[First Presidency letter]
To Bishoprics of Wards, Dear Brethren:
At the Stake Clerks' meeting, held during the late general conference, definite instructions were sought for in regard to making a record of cases of transgression of young people who make public confession of their wrongdoing and are forgiven.
No record should be made of this class of cases, nor of cases of the same character of a strictly private nature considered by a Bishop or Bishopric, but a record should be made and kept of cases of fornication or adultery tried in the regular way by the Bishop's court.
This question has also been asked:
At which of the meetings should persons guilty of unchastity be required to make confession, at the general meeting of the members of the ward, at the fast meeting, or at the monthly priesthood meeting?
Answer: The regulation of confessions should be left to the Bishopric of the ward in which the wrongdoing occurs, each case considered by them on its own merits, and disposed of according to the publicity already given to it. For instance, where people guilty of adultery or fornication confess their sin, and their transgression is known to themselves only, their confession should not be made public. But where publicity has been given to it their confession should be made before the priesthood of the ward at the regular monthly meeting; or, if it be deemed advisable that a still more public confession be made, such a confession should be made at the monthly fast meeting, and not at the regular Sunday services. ...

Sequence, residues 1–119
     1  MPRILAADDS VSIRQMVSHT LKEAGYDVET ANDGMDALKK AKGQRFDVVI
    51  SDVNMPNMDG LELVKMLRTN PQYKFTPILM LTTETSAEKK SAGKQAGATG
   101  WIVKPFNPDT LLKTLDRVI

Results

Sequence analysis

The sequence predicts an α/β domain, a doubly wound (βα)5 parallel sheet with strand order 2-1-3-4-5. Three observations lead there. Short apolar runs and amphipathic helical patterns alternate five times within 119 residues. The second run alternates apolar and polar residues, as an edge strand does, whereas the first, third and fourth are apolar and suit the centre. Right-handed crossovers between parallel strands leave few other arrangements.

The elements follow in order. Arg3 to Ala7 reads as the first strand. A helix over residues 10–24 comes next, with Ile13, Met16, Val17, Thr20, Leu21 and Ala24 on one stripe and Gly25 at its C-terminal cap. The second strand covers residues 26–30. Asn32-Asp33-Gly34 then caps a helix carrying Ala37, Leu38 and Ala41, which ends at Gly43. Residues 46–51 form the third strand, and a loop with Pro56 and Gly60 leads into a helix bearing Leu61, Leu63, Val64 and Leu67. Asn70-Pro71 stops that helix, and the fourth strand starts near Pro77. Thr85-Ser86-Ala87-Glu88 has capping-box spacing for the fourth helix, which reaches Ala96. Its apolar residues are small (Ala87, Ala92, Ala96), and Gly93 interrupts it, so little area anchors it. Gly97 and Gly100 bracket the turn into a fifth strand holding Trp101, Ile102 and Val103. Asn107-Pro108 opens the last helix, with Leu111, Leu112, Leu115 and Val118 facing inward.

As a rule therefore where the transgression is known to but few, the confession (if required at all) should be made at the priesthood meeting, and only in cases where the offense has become a public scandal and reproach to the Church, should the more public confession be required. Your Brethren, JOSEPH F. SMITH, ANTHON H. LUND, CHARLES W. PENROSE, First Presidency.
[1916-June 19-Original letter. Church Historian's Library, in Clark, James R., Messages of the First Presidency (6 volumes)]